Tuesday, February 08, 2005

How drunk was this guy?

Wednesday, February 02, 2005

Hillbilly, The Pumpkin Vigilante

One fall night about five years ago, Hillbilly stepped out onto the rooftop of his apartment, which was located nextdoor to a general store in Durham, to smoke a cigarette.

His peaceful cig break was ruined by the sound of breaking glass and noises emanating from the store. He knew the store was closed and figured someone had just broken into it.

Before he could call the police, he saw the culprit leaving the premises. Without thinking, he picked up one of his girlfriend's decorative pumpkins and threw it at the robber two floors below. Just as it had with the rabbit in the previous post, it hit the guy square on the head. Hillbilly said the culprit's legs flew out from underneath him and he landed flat on the ground. He called the police and went downstairs to make sure the robber didn't get up and take off.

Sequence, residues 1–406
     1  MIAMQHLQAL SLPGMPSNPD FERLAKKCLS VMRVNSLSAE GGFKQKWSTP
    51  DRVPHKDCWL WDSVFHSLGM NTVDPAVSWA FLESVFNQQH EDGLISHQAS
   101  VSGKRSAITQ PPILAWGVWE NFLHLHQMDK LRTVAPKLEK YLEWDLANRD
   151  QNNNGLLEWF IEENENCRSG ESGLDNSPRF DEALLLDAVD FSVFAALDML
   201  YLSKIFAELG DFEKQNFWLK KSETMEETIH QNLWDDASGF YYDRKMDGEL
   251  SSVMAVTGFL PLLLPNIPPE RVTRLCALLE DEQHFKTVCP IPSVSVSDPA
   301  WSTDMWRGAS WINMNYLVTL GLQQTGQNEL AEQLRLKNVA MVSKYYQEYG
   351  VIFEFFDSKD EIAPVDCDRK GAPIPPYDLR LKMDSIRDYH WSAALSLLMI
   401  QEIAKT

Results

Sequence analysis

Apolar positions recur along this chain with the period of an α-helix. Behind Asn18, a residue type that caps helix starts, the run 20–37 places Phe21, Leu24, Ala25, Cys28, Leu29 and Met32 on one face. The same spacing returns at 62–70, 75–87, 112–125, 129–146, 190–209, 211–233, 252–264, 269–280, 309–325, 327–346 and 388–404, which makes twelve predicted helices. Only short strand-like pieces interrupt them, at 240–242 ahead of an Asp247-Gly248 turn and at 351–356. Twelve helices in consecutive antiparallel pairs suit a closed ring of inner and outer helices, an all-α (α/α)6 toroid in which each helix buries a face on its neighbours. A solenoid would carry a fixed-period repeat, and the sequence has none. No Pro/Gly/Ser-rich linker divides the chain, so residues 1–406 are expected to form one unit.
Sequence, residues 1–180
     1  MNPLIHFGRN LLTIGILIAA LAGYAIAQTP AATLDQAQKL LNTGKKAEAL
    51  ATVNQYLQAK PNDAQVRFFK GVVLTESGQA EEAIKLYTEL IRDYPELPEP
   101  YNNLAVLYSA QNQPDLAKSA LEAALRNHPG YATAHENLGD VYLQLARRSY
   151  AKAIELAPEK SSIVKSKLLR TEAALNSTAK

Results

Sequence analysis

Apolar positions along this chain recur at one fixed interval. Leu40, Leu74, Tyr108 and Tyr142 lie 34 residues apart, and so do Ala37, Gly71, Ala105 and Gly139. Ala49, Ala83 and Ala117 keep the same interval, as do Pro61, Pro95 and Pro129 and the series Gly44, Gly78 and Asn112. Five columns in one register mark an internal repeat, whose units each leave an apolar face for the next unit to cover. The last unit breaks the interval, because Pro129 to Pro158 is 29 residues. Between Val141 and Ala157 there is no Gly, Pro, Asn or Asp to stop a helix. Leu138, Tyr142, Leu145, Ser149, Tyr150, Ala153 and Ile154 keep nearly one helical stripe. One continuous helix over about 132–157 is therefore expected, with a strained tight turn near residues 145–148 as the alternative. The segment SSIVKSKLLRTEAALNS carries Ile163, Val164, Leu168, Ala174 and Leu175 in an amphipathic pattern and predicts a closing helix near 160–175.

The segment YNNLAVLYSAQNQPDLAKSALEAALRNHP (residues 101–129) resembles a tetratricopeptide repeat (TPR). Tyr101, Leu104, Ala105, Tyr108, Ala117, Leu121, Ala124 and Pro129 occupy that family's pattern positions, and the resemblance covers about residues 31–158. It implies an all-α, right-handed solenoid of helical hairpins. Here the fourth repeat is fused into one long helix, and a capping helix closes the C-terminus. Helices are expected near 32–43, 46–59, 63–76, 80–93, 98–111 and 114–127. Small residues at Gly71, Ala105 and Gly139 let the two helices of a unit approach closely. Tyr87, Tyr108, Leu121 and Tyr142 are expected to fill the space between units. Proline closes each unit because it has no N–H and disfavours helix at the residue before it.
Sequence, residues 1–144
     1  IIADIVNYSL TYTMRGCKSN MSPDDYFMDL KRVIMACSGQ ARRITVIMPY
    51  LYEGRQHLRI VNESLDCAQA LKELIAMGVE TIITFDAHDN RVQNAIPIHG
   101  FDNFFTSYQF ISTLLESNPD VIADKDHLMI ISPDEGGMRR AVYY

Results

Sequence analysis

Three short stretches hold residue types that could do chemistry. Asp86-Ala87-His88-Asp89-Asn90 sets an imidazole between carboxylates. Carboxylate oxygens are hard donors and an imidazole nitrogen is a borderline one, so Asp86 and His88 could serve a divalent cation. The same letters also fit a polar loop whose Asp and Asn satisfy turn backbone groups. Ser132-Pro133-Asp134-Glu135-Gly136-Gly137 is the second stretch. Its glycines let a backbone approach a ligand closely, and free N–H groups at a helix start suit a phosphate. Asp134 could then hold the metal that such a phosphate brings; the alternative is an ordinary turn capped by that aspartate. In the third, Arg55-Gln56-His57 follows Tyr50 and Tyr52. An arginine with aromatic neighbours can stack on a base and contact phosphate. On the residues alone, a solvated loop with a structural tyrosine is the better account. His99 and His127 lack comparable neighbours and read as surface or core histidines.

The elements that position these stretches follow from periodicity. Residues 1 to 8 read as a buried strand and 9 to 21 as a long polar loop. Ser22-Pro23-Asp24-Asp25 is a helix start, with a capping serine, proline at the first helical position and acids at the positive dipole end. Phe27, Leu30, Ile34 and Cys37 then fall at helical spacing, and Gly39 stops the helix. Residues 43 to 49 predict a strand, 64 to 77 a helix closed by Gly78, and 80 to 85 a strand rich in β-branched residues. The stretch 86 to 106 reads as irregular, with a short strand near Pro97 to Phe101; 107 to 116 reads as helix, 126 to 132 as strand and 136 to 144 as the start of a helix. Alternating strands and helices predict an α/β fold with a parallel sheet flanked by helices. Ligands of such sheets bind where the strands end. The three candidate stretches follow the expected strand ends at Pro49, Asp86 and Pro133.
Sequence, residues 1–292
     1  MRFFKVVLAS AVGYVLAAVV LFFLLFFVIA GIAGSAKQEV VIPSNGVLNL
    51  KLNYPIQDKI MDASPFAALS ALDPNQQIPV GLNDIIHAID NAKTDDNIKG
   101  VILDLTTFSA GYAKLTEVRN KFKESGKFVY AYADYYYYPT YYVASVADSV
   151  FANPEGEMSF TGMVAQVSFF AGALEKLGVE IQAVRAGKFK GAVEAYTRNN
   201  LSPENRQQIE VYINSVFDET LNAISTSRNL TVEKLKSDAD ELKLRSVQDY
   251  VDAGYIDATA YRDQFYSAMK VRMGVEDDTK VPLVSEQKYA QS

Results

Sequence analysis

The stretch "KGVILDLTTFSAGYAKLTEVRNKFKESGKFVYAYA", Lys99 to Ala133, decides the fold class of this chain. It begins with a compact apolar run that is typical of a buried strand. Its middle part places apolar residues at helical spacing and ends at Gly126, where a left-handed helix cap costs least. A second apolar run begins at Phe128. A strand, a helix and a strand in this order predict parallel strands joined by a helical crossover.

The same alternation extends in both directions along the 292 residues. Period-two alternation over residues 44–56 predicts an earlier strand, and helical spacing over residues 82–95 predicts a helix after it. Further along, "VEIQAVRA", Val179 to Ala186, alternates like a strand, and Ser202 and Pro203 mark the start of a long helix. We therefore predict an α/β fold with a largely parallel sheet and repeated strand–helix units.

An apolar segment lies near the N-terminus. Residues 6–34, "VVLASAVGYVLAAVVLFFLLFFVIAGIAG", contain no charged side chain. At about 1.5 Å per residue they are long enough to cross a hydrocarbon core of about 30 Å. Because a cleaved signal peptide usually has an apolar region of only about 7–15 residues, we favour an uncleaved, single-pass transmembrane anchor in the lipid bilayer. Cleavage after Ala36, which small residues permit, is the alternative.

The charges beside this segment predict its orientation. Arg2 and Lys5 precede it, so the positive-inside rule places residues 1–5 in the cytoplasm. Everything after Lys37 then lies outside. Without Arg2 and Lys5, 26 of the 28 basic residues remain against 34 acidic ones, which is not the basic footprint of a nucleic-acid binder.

When he got down there, the guy was still knocked out cold. Hillbilly was afraid he'd get up and start running before the police arrived, so he looked for a way to pin the guy down. The only thing he could find was a huge pair of gardening shears in the broken window of the general store. He opened up the blades and jammed them into the ground on either side of the robber's neck. That bastard wasn't going anywhere.

When the cops arrived, they surveyed the scene and found it hilarious. Hillbilly was written up in the newspaper as "The Great Pumpkin," and his story even made it onto the news the following day.

The only thing the robber took from the store was a display of cigarette lighters. In hindsight, I'm sure he didn't think they were worth all the trouble they eneded up causing him.

One thing I know for sure, I really hope he never aims anything at my head. Jeez, he's dangerous.